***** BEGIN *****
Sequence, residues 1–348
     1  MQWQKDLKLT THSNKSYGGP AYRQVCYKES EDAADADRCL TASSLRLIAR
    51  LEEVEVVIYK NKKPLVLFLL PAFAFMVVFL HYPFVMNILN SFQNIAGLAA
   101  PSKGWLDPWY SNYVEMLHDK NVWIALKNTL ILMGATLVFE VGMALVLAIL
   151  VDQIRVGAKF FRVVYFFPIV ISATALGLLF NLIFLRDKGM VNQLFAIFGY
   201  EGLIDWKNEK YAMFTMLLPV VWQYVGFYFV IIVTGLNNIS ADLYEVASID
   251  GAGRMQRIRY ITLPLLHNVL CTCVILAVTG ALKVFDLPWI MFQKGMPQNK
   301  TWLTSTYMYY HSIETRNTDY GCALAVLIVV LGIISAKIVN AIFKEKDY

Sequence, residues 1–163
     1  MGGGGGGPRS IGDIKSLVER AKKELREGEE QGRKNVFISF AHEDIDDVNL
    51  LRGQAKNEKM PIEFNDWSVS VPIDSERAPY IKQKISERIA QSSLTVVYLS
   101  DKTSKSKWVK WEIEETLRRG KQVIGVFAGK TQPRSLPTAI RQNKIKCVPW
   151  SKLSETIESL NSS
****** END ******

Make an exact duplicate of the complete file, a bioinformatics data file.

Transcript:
Sequence, residues 1–348
     1  MQWQKDLKLT THSNKSYGGP AYRQVCYKES EDAADADRCL TASSLRLIAR
    51  LEEVEVVIYK NKKPLVLFLL PAFAFMVVFL HYPFVMNILN SFQNIAGLAA
   101  PSKGWLDPWY SNYVEMLHDK NVWIALKNTL ILMGATLVFE VGMALVLAIL
   151  VDQIRVGAKF FRVVYFFPIV ISATALGLLF NLIFLRDKGM VNQLFAIFGY
   201  EGLIDWKNEK YAMFTMLLPV VWQYVGFYFV IIVTGLNNIS ADLYEVASID
   251  GAGRMQRIRY ITLPLLHNVL CTCVILAVTG ALKVFDLPWI MFQKGMPQNK
   301  TWLTSTYMYY HSIETRNTDY GCALAVLIVV LGIISAKIVN AIFKEKDY

Sequence, residues 1–163
     1  MGGGGGGPRS IGDIKSLVER AKKELREGEE QGRKNVFISF AHEDIDDVNL
    51  LRGQAKNEKM PIEFNDWSVS VPIDSERAPY IKQKISERIA QSSLTVVYLS
   101  DKTSKSKWVK WEIEETLRRG KQVIGVFAGK TQPRSLPTAI RQNKIKCVPW
   151  SKLSETIESL NSS